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BMC Genetics  2001 

Genomic organization and single-nucleotide polymorphism map of desmuslin, a novel intermediate filament protein on chromosome 15q26.3

DOI: 10.1186/1471-2156-2-8

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Abstract:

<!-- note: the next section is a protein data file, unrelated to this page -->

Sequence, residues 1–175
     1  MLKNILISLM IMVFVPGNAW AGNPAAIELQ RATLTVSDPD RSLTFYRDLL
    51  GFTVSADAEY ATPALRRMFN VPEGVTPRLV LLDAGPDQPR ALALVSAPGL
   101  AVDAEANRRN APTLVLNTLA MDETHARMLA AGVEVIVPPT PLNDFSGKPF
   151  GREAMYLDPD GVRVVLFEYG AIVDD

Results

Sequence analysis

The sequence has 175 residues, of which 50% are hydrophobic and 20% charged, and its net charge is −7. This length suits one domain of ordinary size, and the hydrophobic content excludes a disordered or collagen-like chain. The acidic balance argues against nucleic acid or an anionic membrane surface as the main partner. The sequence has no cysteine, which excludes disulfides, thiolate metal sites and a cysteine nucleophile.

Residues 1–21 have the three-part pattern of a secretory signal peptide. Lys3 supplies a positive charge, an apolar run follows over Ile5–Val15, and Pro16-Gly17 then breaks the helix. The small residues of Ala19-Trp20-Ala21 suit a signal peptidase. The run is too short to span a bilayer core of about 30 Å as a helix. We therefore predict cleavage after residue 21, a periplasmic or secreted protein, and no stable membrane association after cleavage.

The desmuslin gene was localized to chromosome 15q26.3 by electronic screening of the human DNA sequence database. Primer pairs were designed to amplify the 5 exons of the desmuslin gene in 11 overlapping DNA segments. The desmuslin gene was screened for mutations in 71 patients with various forms of myopathy for which there was no known cause. In this analysis, 10 common and 2 rare amino acid altering single-nucleotide polymorphisms were identified, all of which were seen in a control population of individuals thus making these unlikely causes of the phenotype. Interestingly, one of the single-nucleotide polymorphisms found in a patient resulted in a premature stop codon in the first exon. The nonsense mutation was also detected in the patient's unaffected father and one unaffected control; it was detected in 0.44% (2/454) of unrelated chromosomes and is therefore predicted to have a homozygous frequency of 0.002%.No causative mutations were found in the desmuslin gene. However, the single-nucleotide polymorphisms mapped in this study represent a well-mapped group that can be used for disequilibrium studies of this region of chromosome 15q26.3.Dystrophin and its associated proteins are thought to be involved in the anchoring of the muscle cell membrane to the extracellular matrix [1], and the absence of many of these proteins can lead to the phenotype of muscular dystrophy [2]. The dystrophin-associated protein complex (DAPC) consists of several subgroups of protein complexes, each associated either directly or indirectly with dystrophin. The sarcoglycans are four transmembrane proteins [3] that are organized by a fifth protein called sarcospan [4]. This complex is thought to be involved in signalling at the cell membrane [5]. A second subcomplex, known as the dystroglycan complex [6], interacts directly with dystrophin in the cytoplasm and laminin in the extracellular matrix, thus providing a structural link between the inside and the outside of the cell. A third

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